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05/26/2021

Why Convenience Stores (Even the Big Chains) Should Lean into Local

Foxtrot Market combines an upscale corner store and café, and offers delivery in under an hour.

Convenience stores, corner stores, bodegas, mini-marts, whatever you call them in your area, they were a lifeline to many during the COVID-19 pandemic.  

In the early days, when people were avoiding crowds, long lines at supermarkets, and empty shelves at big box stores, convenience stores offered day-to-day essentials and opportunities for brief human interaction. In some cases, corner stores evolved into community hubs or third places, a reinforcing connection with the local neighborhood.

As we began to realize the toll the pandemic was taking on our small businesses, community members rallied around local establishments. In 2020, nearly 70% of consumers in both Canada and the United States primarily shopped locally in order to strengthen the local economy. In the Jackman Human Insights Study, our ongoing proprietary consumer research, we found that 37% of consumers felt a sense of responsibility to those around them and that local sources have become the most trusted to keep consumers safe.

Convenience stores have traditionally been about convenience, rather than selection or value. Consumers know what to expect when they walk in — the products and even the store layouts are predictable. But this is beginning to change and even some of the bigger players are starting to transform.

Here we look at some ways in which the landscape of convenience stores is changing and share our advice on what the big chains can learn from smaller stores.

• Small Stores Think Big
New, trendy corner stores are emerging, their shelves stocked with healthier on-the-go options and goods from small, local businesses.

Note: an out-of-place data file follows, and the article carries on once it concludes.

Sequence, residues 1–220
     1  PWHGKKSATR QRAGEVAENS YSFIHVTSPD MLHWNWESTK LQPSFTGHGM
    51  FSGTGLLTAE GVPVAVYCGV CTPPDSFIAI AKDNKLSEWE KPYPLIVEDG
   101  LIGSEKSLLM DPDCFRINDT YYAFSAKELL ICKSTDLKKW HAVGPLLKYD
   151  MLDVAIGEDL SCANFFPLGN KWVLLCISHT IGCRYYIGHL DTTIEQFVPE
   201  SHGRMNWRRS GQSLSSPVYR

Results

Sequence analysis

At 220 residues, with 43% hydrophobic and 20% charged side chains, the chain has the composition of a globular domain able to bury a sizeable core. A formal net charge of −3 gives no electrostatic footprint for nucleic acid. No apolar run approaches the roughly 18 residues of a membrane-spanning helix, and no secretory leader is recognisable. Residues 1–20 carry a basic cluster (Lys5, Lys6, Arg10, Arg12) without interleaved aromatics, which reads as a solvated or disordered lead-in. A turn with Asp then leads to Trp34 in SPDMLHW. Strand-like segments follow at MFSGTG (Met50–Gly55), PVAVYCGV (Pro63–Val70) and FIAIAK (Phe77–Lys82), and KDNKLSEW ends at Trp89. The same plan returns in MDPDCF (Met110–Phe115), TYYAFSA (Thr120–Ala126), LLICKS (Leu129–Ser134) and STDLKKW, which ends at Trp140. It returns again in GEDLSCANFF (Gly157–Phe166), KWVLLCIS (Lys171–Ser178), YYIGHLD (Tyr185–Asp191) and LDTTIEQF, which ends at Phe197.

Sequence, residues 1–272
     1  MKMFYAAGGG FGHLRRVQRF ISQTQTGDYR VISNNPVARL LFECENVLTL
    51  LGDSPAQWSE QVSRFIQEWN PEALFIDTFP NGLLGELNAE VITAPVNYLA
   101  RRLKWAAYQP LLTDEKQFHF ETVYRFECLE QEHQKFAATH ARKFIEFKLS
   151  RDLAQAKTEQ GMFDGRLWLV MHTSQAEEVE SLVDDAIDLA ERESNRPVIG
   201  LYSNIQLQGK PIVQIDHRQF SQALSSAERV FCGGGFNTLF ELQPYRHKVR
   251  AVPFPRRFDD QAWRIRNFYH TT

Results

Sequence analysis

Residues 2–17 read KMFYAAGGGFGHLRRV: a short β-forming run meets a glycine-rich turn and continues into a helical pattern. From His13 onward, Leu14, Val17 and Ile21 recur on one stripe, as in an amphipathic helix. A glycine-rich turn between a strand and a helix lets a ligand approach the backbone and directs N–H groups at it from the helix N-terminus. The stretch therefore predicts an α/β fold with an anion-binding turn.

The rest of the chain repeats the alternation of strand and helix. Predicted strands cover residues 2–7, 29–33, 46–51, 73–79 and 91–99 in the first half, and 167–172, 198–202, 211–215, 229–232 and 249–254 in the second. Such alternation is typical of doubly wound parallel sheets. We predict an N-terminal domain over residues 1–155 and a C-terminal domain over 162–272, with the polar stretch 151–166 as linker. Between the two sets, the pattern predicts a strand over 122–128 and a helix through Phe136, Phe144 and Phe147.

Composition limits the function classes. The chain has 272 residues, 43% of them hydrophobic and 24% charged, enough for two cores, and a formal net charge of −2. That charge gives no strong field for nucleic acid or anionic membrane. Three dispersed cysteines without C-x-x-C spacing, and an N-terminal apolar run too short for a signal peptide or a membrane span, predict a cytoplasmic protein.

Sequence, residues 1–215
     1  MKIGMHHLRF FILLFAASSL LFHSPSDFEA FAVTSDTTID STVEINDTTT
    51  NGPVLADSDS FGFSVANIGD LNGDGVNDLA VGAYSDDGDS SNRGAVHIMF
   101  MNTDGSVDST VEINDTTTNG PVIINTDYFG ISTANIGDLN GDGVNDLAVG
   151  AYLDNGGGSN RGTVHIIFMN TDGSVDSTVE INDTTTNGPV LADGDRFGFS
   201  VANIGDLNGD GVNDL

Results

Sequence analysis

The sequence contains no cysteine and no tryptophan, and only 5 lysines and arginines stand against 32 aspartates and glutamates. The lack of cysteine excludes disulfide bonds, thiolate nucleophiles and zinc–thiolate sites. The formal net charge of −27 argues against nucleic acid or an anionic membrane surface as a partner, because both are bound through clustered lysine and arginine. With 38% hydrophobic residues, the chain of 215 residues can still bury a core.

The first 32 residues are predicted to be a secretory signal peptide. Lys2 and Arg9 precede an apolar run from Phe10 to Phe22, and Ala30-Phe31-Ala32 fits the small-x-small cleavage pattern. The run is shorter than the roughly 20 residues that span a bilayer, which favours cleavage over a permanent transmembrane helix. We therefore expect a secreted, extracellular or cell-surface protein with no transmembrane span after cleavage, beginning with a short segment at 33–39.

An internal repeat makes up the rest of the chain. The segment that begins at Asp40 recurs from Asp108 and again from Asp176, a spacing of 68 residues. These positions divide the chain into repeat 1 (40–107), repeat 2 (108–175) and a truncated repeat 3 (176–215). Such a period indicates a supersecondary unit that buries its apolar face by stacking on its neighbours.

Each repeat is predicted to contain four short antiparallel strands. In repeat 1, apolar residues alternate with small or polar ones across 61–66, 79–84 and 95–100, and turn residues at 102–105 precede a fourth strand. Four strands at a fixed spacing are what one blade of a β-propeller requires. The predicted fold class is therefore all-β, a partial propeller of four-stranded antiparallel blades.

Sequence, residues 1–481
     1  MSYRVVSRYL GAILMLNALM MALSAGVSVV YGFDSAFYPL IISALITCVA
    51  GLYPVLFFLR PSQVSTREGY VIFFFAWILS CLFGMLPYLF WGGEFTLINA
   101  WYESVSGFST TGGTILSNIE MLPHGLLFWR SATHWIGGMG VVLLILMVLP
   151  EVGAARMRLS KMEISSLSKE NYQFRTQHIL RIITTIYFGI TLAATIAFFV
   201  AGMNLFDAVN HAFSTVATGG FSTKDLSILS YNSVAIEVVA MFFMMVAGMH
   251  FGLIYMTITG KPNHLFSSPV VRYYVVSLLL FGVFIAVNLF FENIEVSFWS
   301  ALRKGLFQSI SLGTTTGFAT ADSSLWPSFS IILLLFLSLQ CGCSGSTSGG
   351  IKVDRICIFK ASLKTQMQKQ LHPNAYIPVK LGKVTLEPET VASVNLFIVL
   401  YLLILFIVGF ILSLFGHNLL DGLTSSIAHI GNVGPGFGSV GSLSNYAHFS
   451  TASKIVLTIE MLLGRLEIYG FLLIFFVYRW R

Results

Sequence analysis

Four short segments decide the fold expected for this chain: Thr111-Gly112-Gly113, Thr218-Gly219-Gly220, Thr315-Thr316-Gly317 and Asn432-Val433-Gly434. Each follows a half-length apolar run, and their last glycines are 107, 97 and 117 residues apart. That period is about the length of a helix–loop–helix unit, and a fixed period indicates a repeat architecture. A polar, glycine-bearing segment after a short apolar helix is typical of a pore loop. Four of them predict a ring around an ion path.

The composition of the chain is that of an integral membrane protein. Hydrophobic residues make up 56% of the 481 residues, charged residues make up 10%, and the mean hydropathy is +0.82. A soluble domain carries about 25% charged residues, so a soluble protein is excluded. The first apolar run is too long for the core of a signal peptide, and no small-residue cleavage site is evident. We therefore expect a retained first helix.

Some have evolved their traditional store formats, adding cafes and patios where their neighbors can enjoy a coffee or a quick bite. These include: 

POPBOX Mrkt. in Toronto is turning the convenience store model on its head by skipping the junk food in favor of grass fed dairy, gourmet chocolates, healthy juices, and fresh salads. It carries mostly local brands and also offers a full cafe. 

The Lucky Penny Corner Store and Cafe, also in Toronto, carries a careful selection of locally sourced foods. It offers fresh homemade sandwiches, breads and pastries from local bakeries, local cold-pressed juices, farm fresh eggs, locally grown fruits and veggies, and house-made dips and sauces.

Foxtrot Market, a smaller chain in the U.S. which recently raised $42 million in funding, is also an example of the redefined convenience store. It offers typical corner store food like chips and ice cream, combined with groceries, pantry items, and beer and wine.

The large, bright stores have places for customers to sit and enjoy coffee or company but for those who don't want to come in, Foxtrot promises delivery in under an hour. 

• Big Players Make Changes (But They're Still Missing an Opportunity)
To their credit, the big players in the convenience store space are also evolving.  7-Eleven, the biggest convenience store chain in the world, launched its first “evolution store” concept in 2019. The format is designed as a testing ground where the chain can test new concepts, products and services tailored to the individual market, along with tech elements such as "scan & pay."